In early November, Vancouver’s Zero Waste Conference drew designers, futurists, entrepreneurs, planners, and policy-makers from around the world, to discuss how to move toward an industrial system in which items we throw away are remade into new goods — what’s known as the circular economy.
Kate Daly is the executive director of New York’s Center for the Circular Economy. Housed at Closed Loop Partners — an impact investment firm focused on circular economy projects — the center links entrepreneurs, academics, industry, and government to advance its zero-waste goals. Asparagus’ Alia Dharssi sat down with Daly at the conference to talk about the center’s work, and how moving toward a more sustainable society requires a significant rethink of how we design and consume goods. (This interview has been edited for length and clarity.)
Alia Dharssi: Can you tell me about the Center for the Circular Economy and what you’re working on?
Kate Daly: The center is positioned to serve as a hub to foster partnership and collaboration for the circular economy. We serve as a landing pad for companies that are coming to New York and to the US to expand their market. And we also host precompetitive collaborations, bringing together companies who are normally competitors, but who have a shared interest in changing the supply chain to improve recycling and circularity of their products.
One of our biggest projects is the NextGen Consortium, a partnership with Starbucks and McDonald’s to identify recyclable and compostable solutions for food packaging. Our first initiative is the NextGen Cup, which involves an innovation challenge to reinvent the to-go up, and an accelerator to advance the solutions that are identified.
It’s only through collaboration and partnership that we’ll be able to move the needle.
We also run a project called Connect Fashion, where we’re working with multiple apparel brands to use the internet of things to create a standardized global framework for metadata about clothing. Then, later in life, when apparel reaches the collection, sortation, and recycling stage, we’ll be in a better position to identify the material composition of each article of clothing, where it came from, and where it should go in the next stage of its journey. It’s only through collaboration and partnership that we’ll be able to move the needle on circularity, so we serve as a neutral third-party convener to bring together competitors to address some of the big challenges.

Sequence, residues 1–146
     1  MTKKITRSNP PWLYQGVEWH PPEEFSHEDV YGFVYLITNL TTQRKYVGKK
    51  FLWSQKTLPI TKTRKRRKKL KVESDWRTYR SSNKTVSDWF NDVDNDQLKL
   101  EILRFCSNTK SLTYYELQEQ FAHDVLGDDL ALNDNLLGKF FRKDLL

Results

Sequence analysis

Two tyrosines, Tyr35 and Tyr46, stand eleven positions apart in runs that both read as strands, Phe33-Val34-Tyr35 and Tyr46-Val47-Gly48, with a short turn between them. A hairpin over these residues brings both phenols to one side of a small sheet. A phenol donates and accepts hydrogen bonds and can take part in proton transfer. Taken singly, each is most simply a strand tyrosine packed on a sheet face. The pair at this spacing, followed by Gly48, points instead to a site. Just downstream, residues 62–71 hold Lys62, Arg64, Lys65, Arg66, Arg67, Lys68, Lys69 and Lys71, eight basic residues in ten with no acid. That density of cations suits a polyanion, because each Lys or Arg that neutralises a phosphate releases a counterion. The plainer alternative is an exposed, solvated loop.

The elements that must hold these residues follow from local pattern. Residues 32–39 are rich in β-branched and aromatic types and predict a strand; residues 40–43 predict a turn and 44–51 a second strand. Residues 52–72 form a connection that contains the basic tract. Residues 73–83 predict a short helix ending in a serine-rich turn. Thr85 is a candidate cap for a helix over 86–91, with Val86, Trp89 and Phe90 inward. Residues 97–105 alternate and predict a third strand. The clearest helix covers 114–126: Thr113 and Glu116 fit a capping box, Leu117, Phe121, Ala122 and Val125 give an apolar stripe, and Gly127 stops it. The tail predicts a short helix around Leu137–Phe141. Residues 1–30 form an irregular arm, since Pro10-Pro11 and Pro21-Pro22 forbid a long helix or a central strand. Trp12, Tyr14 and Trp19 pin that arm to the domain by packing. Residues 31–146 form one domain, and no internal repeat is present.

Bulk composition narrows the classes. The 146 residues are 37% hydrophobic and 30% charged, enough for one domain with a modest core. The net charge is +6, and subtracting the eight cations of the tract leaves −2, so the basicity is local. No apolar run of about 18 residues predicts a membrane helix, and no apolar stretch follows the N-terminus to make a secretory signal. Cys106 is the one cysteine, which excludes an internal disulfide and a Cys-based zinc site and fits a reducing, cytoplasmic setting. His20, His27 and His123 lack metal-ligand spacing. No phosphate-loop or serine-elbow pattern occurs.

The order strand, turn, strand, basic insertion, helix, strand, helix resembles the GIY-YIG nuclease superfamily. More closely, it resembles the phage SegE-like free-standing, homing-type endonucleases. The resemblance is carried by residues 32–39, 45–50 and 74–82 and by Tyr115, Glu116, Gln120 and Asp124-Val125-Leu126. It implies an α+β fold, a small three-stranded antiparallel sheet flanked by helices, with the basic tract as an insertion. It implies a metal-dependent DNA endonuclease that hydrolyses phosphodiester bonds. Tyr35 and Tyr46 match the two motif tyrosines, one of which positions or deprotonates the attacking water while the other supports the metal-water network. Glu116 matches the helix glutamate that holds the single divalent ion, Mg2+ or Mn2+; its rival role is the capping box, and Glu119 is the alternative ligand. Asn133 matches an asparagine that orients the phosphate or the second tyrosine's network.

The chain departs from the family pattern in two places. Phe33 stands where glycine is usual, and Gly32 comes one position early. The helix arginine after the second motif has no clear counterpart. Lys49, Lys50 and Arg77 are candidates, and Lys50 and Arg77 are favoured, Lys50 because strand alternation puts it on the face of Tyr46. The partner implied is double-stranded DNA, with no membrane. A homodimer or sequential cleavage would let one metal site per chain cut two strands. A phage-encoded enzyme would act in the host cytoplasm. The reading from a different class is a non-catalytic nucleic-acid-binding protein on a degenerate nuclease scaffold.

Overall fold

During a panel discussion, you said we need to shift how we think about materials and design to move beyond the “take-make-dispose” model. How do businesses need to think about design differently to move toward a circular economy?
Across any industry, the question is often the same: what happens when a product is at its end of life? It’s a very straightforward question. Yet most designers and manufacturers have never visited a material recovery facility, a composting facility, a landfill. They have no idea what happens to their products.
As [architect and designer] Bill McDonough said in his famous book Cradle-to-Cradle: Remaking the Way we Make Things, we’re creating “monstrous hybrids.” These materials are difficult to reuse, but we make them all the time for the purpose of achieving design goals. But I think that, at that moment of design, you can choose an alternative path that doesn’t lead to a monstrous hybrid, but to something that could be disassembled in the future, that is designed in a way where you are thinking about its continued or second life.
Most designers and manufacturers have never visited a material recovery facility, a composting facility, a landfill. They have no idea what happens to their products.
One of the speakers at the conference brought up the example of Tetra Paks, which are difficult to recycle because of the way they attach plastic, aluminum, and paper. What other monstrous hybrids do we see in our daily lives?
They’re anything — like this 50/50 poly-cotton tablecloth [on the table in front of us]. This can’t be recycled as polyester and this can’t be recycled as cotton. If this were 100% cotton, it could be shredded mechanically and used for car wash rags or even potentially for insulation. But because it’s a hybrid material, it makes it difficult for it to go down either path, and it’s a question what will happen to it at end of life.